Photo courtesy of VLT

Married to Shakespeare

Women take a break from the world around them to obsess over Shakespeare in a timeless new play by Dorothy Velasco

Who knew Shakespeare had so many wives? Dorothy Velasco’s new play Ladies Shakespeare Club, which opened Friday, Feb. 17, at Very Little Theatre, dramatizes love for Shakespeare among the six main characters. Tears were shed and laughter filled the room.

The old-timey furniture on set presented in VLT’s Stage Left suggests a more intimate performance in this production directed by Karen Scheeland. In the smaller space, the play is grounded. This provides a more personal experience. I was right there close enough to high-five the ghost of Shakespeare.

Each character has a signature color, worn the whole performance. Dark navy flatters Leah (Sarah De Leon), while turquoise compliments Connie (Toni Mucker). Ardith (Christina Dancer) could be celebrating St. Patrick’s Day with all the vibrant green she wears. Mac (Jen Ferro) shows up in a fiery red contrasting Harmony’s (Zepha Wright) violet. Last, but not least, did someone tell Grace (Denise Lacroix) that black is the new orange? With each new scene, the characters don slightly different outfits that coincide with the set year. 

Not only do their outfits change but the set slightly alters in between scenes. During the transition to get the set ready, a poster is held up and placed on a wall with the time change.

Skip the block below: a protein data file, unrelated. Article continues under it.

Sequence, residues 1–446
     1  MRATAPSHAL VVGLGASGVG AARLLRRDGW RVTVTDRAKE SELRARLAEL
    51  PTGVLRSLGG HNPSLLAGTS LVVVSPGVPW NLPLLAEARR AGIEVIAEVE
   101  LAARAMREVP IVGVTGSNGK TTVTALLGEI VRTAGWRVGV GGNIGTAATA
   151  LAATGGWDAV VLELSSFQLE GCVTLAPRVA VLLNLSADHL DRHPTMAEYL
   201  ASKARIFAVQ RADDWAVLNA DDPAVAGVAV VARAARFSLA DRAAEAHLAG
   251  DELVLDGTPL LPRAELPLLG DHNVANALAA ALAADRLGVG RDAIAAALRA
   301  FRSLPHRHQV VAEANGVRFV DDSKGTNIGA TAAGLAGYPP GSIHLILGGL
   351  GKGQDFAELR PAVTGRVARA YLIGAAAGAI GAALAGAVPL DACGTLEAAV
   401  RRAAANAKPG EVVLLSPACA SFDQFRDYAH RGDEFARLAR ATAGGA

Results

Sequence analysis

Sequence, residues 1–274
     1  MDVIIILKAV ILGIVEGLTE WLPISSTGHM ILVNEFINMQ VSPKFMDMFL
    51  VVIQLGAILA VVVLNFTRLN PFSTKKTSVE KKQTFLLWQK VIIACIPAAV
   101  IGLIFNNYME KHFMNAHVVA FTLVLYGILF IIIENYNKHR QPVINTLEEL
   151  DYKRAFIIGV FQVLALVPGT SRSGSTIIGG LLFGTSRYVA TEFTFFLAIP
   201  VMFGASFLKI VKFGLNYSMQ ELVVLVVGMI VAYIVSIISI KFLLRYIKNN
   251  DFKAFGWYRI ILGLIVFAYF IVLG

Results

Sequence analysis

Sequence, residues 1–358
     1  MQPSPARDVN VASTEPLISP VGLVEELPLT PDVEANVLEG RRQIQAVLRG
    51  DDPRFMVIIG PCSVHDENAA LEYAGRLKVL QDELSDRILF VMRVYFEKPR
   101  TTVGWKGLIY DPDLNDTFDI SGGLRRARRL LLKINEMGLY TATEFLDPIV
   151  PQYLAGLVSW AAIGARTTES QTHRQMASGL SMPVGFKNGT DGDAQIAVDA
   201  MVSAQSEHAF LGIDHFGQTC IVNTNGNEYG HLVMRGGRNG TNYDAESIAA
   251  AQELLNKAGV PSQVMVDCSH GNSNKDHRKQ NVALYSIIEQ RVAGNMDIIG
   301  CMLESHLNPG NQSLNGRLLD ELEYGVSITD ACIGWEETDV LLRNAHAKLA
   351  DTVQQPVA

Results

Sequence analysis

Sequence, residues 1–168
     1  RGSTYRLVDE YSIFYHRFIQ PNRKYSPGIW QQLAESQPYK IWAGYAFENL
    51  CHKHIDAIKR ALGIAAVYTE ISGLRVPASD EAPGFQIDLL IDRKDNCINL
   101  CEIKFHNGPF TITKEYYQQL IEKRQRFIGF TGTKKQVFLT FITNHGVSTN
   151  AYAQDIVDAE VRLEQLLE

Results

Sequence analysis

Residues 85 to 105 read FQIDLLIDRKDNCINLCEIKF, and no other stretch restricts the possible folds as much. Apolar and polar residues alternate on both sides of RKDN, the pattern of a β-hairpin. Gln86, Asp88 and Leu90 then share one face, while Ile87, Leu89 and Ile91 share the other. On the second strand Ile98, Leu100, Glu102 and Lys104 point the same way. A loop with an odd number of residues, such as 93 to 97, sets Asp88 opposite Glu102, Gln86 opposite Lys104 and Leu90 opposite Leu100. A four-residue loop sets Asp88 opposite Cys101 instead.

The Shakespeare club bonds the women, and in times of distress, they support one another. Even the ghost of Shakespeare comforts the group. When scenes got a little heavy, the audience would sigh in empathy. Through the dramatics, the characters put on quite an entertaining show.

Social issues are addressed throughout the play. The characters react to signs of the time in controversial ways. Religion plays a role when accepting new members into the club. Connie’s Christian beliefs stand in the way of welcoming Leah because she is Jewish and Mrs. Thompson (Aimée Okotie-Oyekan) because she is a person of color. 

As time goes on, women’s rights and voting become an issue. Towards the end of the play, the audience chuckled when the women mention that they will see men as equals and encourage them to join in, but women will remain the majority. The group creates discourse regarding racism, war, politics, sexism, religion, LGBTQ+ and more.

It’s brave to address these crucial topics in this context, but Velasco does a great job highlighting them in a light-hearted and enjoyable play.

Ladies Shakespeare Club runs through Feb. 26 at Very Little Theatre. Tickets are $15 at